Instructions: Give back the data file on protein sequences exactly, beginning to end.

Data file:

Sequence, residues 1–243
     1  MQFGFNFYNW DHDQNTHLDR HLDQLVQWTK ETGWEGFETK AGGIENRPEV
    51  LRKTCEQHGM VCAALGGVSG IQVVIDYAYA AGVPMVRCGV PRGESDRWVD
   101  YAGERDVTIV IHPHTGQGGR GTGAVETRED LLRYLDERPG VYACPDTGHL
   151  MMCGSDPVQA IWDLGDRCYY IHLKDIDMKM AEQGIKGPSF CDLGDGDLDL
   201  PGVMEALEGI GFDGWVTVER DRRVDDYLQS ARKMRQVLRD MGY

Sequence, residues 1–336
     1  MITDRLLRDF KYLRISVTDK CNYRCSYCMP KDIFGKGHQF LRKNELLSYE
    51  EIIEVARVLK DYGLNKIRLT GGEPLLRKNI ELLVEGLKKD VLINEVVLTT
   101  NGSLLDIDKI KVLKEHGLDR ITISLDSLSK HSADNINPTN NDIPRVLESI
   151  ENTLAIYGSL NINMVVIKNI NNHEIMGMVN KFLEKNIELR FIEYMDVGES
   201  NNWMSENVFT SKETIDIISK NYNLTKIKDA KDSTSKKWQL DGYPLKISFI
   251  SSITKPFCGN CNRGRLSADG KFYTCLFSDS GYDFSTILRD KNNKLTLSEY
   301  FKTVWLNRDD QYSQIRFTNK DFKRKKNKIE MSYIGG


Sequence, residues 1–243
     1  MQFGFNFYNW DHDQNTHLDR HLDQLVQWTK ETGWEGFETK AGGIENRPEV
    51  LRKTCEQHGM VCAALGGVSG IQVVIDYAYA AGVPMVRCGV PRGESDRWVD
   101  YAGERDVTIV IHPHTGQGGR GTGAVETRED LLRYLDERPG VYACPDTGHL
   151  MMCGSDPVQA IWDLGDRCYY IHLKDIDMKM AEQGIKGPSF CDLGDGDLDL
   201  PGVMEALEGI GFDGWVTVER DRRVDDYLQS ARKMRQVLRD MGY

Sequence, residues 1–336
     1  MITDRLLRDF KYLRISVTDK CNYRCSYCMP KDIFGKGHQF LRKNELLSYE
    51  EIIEVARVLK DYGLNKIRLT GGEPLLRKNI ELLVEGLKKD VLINEVVLTT
   101  NGSLLDIDKI KVLKEHGLDR ITISLDSLSK HSADNINPTN NDIPRVLESI
   151  ENTLAIYGSL NINMVVIKNI NNHEIMGMVN KFLEKNIELR FIEYMDVGES
   201  NNWMSENVFT SKETIDIISK NYNLTKIKDA KDSTSKKWQL DGYPLKISFI
   251  SSITKPFCGN CNRGRLSADG KFYTCLFSDS GYDFSTILRD KNNKLTLSEY
   301  FKTVWLNRDD QYSQIRFTNK DFKRKKNKIE MSYIGG